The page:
The Division offered services to E.D.H., and although she was dismissed from one inpatient program and denied admission in another, she managed to complete inpatient treatment in September 2009. About a month earlier, the court gave the Division approval to place D.D. with C.D. E.D.H. continued to struggle with her addiction, testing positive for cocaine in November 2009, benzodiazepines in March 2010 and cocaine in December 2010.

A dispositional hearing conducted on various dates was concluded on January 13, 2011. Testimony presented included conflicting expert opinion on E.D.H.'s capacity to parent. In addition, the judge interviewed D.D. At that time, D.D. was in high school, involved in cheerleading and had been living with her father and his mother since August 2009. She explained that she stays with her mother at her home in Egg Harbor on alternate weekends. On occasion, her brother R.H., who is doing well, is there. D.D. said she loves her mother, likes W.H., and is not afraid of being alone with either of them, but she also said she and her mother argue and her mother argues with W.H. She stated her preference for remaining with her father and for not leaving her cheerleading, school and friends.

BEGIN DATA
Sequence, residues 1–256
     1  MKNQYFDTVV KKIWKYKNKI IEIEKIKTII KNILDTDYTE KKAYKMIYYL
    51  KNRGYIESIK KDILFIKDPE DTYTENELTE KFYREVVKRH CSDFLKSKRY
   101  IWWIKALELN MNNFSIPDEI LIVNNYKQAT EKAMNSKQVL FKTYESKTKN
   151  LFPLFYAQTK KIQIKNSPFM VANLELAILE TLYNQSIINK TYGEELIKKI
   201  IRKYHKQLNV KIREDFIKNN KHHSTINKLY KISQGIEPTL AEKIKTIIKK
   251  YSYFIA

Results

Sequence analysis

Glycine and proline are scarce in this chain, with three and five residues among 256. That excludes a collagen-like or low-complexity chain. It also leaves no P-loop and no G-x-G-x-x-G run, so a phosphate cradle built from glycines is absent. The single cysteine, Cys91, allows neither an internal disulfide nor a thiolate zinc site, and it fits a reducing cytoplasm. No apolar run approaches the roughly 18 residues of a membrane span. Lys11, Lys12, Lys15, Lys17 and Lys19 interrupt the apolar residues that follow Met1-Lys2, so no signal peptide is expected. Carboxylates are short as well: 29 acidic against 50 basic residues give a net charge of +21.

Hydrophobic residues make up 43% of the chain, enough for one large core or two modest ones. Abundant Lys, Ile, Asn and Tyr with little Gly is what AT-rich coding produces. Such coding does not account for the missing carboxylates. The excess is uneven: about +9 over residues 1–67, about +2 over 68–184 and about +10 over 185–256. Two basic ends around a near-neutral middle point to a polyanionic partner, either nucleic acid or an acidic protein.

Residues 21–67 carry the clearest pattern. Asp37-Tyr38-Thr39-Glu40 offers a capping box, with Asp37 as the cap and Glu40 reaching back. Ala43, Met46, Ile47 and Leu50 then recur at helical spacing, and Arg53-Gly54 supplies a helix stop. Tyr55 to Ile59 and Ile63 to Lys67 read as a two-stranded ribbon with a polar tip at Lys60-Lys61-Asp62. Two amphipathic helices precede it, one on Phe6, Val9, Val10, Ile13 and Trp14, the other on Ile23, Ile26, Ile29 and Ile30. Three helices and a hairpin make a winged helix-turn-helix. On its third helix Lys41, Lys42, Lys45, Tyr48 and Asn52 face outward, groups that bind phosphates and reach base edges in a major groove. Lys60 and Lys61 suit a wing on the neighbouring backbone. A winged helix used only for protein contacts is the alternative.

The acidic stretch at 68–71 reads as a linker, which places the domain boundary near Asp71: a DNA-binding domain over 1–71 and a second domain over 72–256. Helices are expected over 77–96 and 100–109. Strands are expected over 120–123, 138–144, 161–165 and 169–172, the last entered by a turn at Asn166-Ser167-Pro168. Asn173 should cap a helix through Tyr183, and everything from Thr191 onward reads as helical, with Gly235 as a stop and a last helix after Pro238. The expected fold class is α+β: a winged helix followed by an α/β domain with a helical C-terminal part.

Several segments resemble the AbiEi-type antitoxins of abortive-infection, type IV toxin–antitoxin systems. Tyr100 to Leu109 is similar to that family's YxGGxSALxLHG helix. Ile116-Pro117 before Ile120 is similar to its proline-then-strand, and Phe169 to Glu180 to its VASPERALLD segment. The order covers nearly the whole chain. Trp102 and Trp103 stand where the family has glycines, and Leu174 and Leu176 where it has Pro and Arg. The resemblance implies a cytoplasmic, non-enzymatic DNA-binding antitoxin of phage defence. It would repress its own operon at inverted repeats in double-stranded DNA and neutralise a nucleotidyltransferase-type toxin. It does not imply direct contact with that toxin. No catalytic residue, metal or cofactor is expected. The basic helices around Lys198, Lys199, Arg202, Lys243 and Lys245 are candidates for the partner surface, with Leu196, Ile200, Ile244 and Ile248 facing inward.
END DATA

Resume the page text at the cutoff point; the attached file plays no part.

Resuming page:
The judge who presided over the dispositional hearing was not the judge who accepted E.D.H.'s stipulation in March 2009. He proceeded with that hearing, which had been scheduled by the prior judge, on the mistaken assumption that E.D.H. had stipulated to abusing and neglecting D.D. and to the need for the Division's assistance under Title 30.